Among 10 oral submucous fibrosis cases, 30% were positive (three samples) and 70% were negative, again suggesting the role of survivin in carcinogenesis. The oral submucous fibrosis samples were not graded during the study, and hence advanced stages of oral submucous fibrosis cases would have been expected to show more expression of survivin. Previous literature shows very little work on survivin expression in oral submucous fibrosis; hence, our results could not be compared. Since the malignant transformation of oral submucous fibrosis is low (3% to 7.6%), survivin expression may be poor in this study .
Of the leukoplakia samples, 50% were positive for survivin. Thus, we postulate that during the development of oral cancer, survivin might accumulate within the involved tissue at an early stage. These results were similar to the study conducted by Negi et al. in 2015, indicating that a high incidence of survivin protein expression in oral epithelial dysplasia may be an early event in carcinogenesis . The putative predictive value of survivin was also reported by Lo Muzio et al, where a higher rate of positive samples among lesions evolving into SCC compared with lesions not evolving was shown . Also, they found no signiﬁcant correlation between survivin expression and the degree of dysplasia. One limitation of our study is the small number of samples. Larger groups with dysplastic leukoplakia would have allowed a more robust analysis of the relationship between a well-known risk factor of malignant transformation (dysplasia) and a putative one (survivin expression).
In the SCC group, survivin expression was positive in 7 of 10 samples, confirming the role of this protein in the carcinogenesis process. The histopathological grading of SCC as well-differentiated, moderately differentiated, and poorly differentiated was not included in our study and hence could not be compared with other studies. A 2003 study by Lo Muzio et al. inferred that survivin is expressed in more than 80% of the cases of oral SCC . In particular, survivin expression was often increased in poorly differentiated tumors, and it was concluded that survivin serves as a potential novel molecular marker of aggressive neoplasia. A previous study in 2000 by Chen et al. demonstrated that the expression of survivin in oral SCC could potentially contribute to tumor progression . This connection to progression was suggested by the increased expression of survivin in poorly differentiated oral SCCs as compared with histological normal oral epithelium.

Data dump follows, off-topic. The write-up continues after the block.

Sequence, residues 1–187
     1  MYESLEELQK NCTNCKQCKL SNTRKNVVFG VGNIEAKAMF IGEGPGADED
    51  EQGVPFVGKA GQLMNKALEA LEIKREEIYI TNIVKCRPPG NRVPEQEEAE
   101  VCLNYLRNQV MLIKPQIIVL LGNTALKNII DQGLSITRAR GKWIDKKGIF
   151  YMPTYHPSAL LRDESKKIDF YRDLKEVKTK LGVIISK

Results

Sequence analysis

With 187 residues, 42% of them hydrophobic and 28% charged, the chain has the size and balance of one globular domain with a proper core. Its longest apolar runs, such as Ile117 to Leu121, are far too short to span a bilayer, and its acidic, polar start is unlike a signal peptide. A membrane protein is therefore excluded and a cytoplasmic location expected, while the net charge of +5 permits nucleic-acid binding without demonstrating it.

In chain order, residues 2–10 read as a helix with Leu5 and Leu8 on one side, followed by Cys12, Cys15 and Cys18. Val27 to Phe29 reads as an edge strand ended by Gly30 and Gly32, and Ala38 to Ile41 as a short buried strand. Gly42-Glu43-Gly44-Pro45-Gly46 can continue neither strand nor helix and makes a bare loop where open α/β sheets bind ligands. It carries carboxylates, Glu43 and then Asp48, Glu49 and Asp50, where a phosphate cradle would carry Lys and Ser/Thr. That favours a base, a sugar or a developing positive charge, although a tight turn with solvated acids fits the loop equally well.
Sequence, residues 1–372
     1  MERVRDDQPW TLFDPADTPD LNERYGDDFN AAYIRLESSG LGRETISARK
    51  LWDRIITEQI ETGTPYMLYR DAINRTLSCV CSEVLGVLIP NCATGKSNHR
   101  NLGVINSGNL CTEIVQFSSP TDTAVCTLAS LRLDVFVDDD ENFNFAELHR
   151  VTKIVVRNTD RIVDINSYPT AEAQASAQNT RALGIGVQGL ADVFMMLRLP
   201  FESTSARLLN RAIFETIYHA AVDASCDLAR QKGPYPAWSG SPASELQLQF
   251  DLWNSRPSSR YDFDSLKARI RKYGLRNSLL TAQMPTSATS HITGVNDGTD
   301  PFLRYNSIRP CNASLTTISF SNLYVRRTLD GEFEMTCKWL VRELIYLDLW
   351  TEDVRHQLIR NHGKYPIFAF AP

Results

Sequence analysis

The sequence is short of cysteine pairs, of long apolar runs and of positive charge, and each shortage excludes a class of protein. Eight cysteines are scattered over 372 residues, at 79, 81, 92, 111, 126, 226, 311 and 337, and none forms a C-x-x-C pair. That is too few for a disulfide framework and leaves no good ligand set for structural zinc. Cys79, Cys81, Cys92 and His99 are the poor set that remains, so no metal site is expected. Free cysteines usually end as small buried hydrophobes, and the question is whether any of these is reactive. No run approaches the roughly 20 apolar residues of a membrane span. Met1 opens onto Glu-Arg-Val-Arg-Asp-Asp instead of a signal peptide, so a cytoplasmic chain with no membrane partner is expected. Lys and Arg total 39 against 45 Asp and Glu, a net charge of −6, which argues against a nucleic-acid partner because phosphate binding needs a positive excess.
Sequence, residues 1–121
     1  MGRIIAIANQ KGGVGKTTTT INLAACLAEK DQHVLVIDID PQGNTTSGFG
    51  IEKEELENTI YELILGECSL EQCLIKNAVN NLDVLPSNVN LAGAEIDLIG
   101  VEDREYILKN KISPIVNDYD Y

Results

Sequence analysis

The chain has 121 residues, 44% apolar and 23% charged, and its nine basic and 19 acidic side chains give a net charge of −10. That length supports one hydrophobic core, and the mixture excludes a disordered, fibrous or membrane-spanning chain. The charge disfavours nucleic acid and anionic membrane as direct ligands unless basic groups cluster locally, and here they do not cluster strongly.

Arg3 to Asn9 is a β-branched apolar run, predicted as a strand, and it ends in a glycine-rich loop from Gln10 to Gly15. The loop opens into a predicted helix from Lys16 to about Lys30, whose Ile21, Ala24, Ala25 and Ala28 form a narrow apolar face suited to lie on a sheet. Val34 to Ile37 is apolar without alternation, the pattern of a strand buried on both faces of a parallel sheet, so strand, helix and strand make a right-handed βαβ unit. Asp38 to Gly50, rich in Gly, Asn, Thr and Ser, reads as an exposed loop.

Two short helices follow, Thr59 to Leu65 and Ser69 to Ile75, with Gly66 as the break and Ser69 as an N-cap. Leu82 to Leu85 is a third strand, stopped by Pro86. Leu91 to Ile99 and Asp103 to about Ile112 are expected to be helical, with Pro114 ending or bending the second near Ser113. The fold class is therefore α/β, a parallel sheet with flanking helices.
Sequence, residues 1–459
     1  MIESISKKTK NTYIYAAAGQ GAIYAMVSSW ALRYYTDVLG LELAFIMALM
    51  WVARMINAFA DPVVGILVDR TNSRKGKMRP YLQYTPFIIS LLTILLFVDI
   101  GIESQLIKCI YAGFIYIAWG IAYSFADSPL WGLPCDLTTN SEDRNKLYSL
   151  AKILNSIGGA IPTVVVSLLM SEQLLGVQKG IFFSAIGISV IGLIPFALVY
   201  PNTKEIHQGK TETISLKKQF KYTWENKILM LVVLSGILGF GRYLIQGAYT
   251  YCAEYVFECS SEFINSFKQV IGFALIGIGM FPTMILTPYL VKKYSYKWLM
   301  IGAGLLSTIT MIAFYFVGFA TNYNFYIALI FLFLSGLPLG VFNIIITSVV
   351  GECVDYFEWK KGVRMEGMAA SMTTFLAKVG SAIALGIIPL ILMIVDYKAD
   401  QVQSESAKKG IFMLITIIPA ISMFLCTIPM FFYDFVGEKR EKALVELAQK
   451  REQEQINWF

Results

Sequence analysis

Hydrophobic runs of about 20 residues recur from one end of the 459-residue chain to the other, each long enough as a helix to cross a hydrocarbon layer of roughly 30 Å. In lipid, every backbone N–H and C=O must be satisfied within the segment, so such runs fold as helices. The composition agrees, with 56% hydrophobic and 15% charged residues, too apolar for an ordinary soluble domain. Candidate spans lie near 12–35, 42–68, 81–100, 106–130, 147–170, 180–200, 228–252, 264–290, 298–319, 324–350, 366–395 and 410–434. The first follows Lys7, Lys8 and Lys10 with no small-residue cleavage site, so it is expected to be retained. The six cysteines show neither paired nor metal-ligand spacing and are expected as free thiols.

A study by Li et al. inferred that the interference with survivin function induces pleiotropic cell division defects and apoptosis, suggesting a potential role in the interface between cell division and apoptosis control . In a study by Chiodino et al., the presence of survivin in more aggressive and poorly differentiated variants of oral SCC confirmed and extended earlier reports of survivin expression in cancers and suggested its potential predictive and prognostic impact for disease progression .
The non-fetal expression of survivin in cancer specimens and potentially malignant lesions correlates the role of this protein in carcinogenesis. Since only a histopathological diagnosis was taken into consideration and not the clinical data, future studies should include the age of the patient, habits, and site of the lesion, and a different technique should be carried out for more significant results. Also, survivin expression is known to be reduced in virus-induced oral SCC and increased in tobacco-induced oral SCC, as shown by Lodi et al. . Since the previous literature indicates that survivin expression differs with tobacco consumption, viral etiology, and the site of involvement in the oral cavity, and since our study did not involve any of the aforementioned factors, this is a limitation of our study that should be rectified with a larger sample size so that more light could be shed on survivin. Finally, as our study is an evaluative one and not a quantitative study of survivin expression, the interpretation may differ according to the observer.